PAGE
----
The "festival," if it can be called that, was basically a bunch of vendors from the Renaissance Faire (and I mean straight from the Renaissance Faire, down to the dragon necklaces) interspersed between vendors from the carnival (and I mean straight from the carnival, down to the funnel cakes). While there were some people in costume, about a third of them were in costumes from an entirely different era in history--the Middle Ages and the Renaissance, for the most part.
The Confederate army (including tents and horses) was there recruiting for God knows what battle reenactment,(correct time period, wrong continent). There were cowboys and pirates that made the Steampunk section look positively historically accurate, to the point that I had to wonder how many people at the Dickens fair actually knew anything about the man of the hour.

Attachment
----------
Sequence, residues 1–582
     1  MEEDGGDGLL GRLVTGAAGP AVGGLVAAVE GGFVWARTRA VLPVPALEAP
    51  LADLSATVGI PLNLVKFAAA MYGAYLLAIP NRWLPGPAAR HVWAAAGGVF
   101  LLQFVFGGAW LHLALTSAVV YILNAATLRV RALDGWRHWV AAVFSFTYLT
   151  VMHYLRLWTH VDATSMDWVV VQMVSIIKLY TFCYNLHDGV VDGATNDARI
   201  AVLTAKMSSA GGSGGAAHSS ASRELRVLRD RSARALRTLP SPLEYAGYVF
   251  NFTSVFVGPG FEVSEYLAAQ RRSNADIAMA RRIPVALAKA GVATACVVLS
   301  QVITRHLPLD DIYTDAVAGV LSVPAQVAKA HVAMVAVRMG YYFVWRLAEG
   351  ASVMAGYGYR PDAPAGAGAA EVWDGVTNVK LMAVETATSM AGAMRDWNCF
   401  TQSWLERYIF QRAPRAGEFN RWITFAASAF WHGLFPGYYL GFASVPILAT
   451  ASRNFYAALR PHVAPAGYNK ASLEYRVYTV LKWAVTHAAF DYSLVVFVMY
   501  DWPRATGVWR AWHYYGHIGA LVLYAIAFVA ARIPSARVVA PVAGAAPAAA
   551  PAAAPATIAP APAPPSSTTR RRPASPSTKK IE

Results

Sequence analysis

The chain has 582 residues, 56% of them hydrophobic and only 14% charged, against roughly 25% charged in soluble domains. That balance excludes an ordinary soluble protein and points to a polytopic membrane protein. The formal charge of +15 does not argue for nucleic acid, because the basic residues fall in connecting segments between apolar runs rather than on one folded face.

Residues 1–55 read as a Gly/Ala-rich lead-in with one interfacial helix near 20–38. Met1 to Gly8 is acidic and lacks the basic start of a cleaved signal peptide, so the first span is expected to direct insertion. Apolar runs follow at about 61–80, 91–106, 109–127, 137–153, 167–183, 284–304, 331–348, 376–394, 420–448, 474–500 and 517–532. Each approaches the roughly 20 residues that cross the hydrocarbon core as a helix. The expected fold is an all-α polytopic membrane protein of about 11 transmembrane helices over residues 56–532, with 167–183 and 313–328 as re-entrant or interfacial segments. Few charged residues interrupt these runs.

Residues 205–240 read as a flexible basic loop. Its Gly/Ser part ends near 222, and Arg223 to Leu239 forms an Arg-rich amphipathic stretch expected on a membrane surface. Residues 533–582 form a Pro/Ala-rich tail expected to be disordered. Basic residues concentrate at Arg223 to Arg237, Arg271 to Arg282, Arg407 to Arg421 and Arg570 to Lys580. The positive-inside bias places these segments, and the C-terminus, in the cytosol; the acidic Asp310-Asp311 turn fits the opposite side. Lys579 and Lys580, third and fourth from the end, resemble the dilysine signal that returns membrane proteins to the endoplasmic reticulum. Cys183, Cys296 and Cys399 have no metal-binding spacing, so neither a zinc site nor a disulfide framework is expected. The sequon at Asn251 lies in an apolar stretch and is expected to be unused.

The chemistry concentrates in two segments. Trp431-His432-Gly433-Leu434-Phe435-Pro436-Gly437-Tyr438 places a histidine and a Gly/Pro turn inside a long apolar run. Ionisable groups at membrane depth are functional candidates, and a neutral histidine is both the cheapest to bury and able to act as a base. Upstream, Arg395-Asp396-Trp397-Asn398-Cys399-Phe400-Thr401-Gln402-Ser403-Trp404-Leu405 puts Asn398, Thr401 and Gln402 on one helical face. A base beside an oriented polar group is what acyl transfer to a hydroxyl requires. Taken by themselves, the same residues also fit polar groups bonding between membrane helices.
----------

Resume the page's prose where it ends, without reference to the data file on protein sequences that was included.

The only redeeming factor of the day was when we wandered into an antique store and I found a used book on Byron and Shelley's time in Pisa... and, yes, I know that Charles Dickens was only about seven years old in 1819 so even that wasn't particularly Victorian. However, I comfort myself with the fact that, had he been there, C.L. Cline (author of Byron, Shelley, and Their Pisan Circle) would probably have been complaining about the historical inaccuracies right along side of me... because I'm sure I annoyed my hapless friend, who probably regretted his decision to come in the first place.